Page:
AWATE's Journey into the Past
AWATE joined the British Library this summer as Artist-in-Residence for Unlocking Our Sound Heritage, the British Library’s major project to digitally preserve and widely share the nation’s rare and at-risk sounds. During his five-month residency, AWATE will use the extensive sound archive to weave together a long-form genre-bending musical piece exploring the subject of diaspora and human migration. In this blog, AWATE writes about his first introduction to the Library’s sound archive and Conservation Centre.
Having grown up in Maiden Lane Estate, a mile away from the British Library, I would see the grand building that was completed in 1998 and marvel at the architecture, art and posters, as I went by on the bus. As a child reading was my sanctuary away from the traumas that came with being a refugee in London during the 1990s, and the added fact that this building was next door to the fictional portal to Hogwarts made it even more special.
The mobile library that would come to the edge of our estate got the young me more excited than seeing an ice cream van, and in secondary school, I was the student-library liaison for many years, which meant I would write a list of up to 10 books a month that the school would order for us. Young adult novels by William Nicholson or Jacqueline Wilson, collections of short stories and poems by Benjamin Zephaniah or African history by Cheikh Anta Diop; my school would order them all.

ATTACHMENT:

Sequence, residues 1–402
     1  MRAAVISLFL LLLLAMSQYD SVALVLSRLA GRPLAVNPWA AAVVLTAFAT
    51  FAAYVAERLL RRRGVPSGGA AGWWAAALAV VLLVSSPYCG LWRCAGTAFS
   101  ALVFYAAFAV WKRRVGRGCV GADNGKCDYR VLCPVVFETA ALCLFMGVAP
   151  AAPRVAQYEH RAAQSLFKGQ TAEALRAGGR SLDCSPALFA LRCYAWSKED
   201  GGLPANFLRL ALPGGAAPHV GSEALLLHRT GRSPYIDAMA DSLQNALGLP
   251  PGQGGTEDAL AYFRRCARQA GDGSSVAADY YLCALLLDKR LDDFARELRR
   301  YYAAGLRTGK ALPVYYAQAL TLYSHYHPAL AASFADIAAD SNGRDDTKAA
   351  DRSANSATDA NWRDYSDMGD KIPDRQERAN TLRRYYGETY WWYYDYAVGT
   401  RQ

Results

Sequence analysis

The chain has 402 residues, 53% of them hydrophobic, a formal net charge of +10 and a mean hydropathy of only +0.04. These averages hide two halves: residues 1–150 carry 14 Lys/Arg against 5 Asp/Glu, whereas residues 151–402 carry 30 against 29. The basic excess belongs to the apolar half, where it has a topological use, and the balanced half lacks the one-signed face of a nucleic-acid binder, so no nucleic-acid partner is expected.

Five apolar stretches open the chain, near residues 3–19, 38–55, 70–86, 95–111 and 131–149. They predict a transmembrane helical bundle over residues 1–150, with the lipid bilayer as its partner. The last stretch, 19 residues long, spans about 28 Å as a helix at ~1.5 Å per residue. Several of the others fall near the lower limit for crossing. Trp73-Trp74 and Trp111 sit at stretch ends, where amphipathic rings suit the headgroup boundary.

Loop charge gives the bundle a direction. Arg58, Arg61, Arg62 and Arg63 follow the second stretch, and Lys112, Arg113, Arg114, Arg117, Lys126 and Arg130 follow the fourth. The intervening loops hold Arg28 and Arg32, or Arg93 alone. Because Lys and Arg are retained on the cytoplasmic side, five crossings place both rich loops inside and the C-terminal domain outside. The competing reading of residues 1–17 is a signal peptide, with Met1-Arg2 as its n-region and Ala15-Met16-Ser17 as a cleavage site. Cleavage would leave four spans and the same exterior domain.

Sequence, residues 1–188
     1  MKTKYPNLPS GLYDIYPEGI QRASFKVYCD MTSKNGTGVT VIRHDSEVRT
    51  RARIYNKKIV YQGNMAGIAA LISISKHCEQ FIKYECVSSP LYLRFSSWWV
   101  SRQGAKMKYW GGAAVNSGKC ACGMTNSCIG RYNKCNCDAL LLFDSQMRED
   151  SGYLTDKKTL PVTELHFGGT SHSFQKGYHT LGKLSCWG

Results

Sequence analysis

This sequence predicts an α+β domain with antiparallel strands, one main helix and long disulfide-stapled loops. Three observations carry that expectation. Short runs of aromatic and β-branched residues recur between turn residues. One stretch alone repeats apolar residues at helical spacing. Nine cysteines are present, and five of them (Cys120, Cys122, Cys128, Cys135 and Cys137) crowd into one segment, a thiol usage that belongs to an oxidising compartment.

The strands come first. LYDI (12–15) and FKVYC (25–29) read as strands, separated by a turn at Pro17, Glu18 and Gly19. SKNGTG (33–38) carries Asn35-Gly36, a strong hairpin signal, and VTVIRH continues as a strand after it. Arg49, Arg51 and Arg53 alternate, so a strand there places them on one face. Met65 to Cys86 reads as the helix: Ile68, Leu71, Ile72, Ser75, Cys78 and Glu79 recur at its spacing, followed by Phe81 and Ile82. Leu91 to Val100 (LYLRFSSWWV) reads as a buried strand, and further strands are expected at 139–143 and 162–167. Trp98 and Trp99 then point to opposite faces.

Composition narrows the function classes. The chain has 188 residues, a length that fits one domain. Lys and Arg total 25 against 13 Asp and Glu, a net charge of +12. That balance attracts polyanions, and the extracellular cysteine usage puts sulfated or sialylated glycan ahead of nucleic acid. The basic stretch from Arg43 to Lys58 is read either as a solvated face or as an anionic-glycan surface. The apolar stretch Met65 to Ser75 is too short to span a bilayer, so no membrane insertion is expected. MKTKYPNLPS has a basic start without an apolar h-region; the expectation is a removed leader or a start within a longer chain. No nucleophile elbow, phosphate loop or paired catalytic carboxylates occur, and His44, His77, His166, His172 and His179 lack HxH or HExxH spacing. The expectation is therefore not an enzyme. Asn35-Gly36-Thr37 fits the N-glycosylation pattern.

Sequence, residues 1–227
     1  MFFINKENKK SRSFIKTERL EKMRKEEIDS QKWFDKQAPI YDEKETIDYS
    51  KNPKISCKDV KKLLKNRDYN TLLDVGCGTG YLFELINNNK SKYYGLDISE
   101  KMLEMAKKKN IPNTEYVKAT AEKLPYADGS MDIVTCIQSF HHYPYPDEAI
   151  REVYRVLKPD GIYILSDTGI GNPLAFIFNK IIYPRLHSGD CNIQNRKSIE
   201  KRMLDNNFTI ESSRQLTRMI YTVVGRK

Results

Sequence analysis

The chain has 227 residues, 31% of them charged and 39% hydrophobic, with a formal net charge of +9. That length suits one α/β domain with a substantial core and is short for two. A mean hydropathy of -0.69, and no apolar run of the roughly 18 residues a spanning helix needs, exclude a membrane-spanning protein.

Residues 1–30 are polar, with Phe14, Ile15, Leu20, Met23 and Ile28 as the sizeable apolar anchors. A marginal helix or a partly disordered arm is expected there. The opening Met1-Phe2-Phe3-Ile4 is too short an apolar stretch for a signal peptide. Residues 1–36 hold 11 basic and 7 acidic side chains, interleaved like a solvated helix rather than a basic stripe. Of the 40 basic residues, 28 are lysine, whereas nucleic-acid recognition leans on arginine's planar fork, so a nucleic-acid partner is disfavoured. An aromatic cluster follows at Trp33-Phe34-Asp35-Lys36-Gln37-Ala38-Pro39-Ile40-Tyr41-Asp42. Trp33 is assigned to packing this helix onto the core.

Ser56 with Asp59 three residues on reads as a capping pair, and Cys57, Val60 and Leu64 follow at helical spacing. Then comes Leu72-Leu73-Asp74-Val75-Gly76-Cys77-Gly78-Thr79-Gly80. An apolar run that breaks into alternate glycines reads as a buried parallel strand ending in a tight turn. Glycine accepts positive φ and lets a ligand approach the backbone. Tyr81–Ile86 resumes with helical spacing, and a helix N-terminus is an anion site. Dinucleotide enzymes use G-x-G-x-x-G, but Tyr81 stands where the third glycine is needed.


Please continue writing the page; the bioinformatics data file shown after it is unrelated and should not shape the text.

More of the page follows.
On my first day as ‘Artist in Residence’ at the British Library – as part of the Unlocking Our Sound Heritage project – I was given a tour of the basement and conservation areas and realised that this place wouldn’t need me to help fill their shelves!
The British Library’s Conservation Centre (BLCC) is a relatively new addition to the building, with state of the art studios amongst ancient sound equipment and recordings. One of the first things you encounter in the BLCC are two colourful, wood-panelled jukeboxes. Next to these are huge tape machines from the 1980s that would have been centrepieces of the top recording studios of their time. Further down the hallway, several gramophones with different designs line the walls beside a statue of Nipper, the dog famously used as the mascot of His Master’s Voice or HMV.
I was shown where and how recordings are digitally preserved in the BL’s system with tags and descriptions of the quality of the recordings before seeing the actual studios where they are digitised. After analogue formats are carefully assessed, sometimes needing sonic baths to remove microscopic specks of dust or a go around a tape cleaner which resembles a grandfather clock, the materials are ready for the complicated process of digitisation. This involves a puzzle of directions, as some reel-to-reel tapes are mismatched at various different speeds for a single recording. The analogue records being digitised, whether they’re vinyl, shellac or lacquer, sit on a turntable made sturdy by a large block of marble so that vibrations in the room or the nearby London Underground trains do not jog the needle.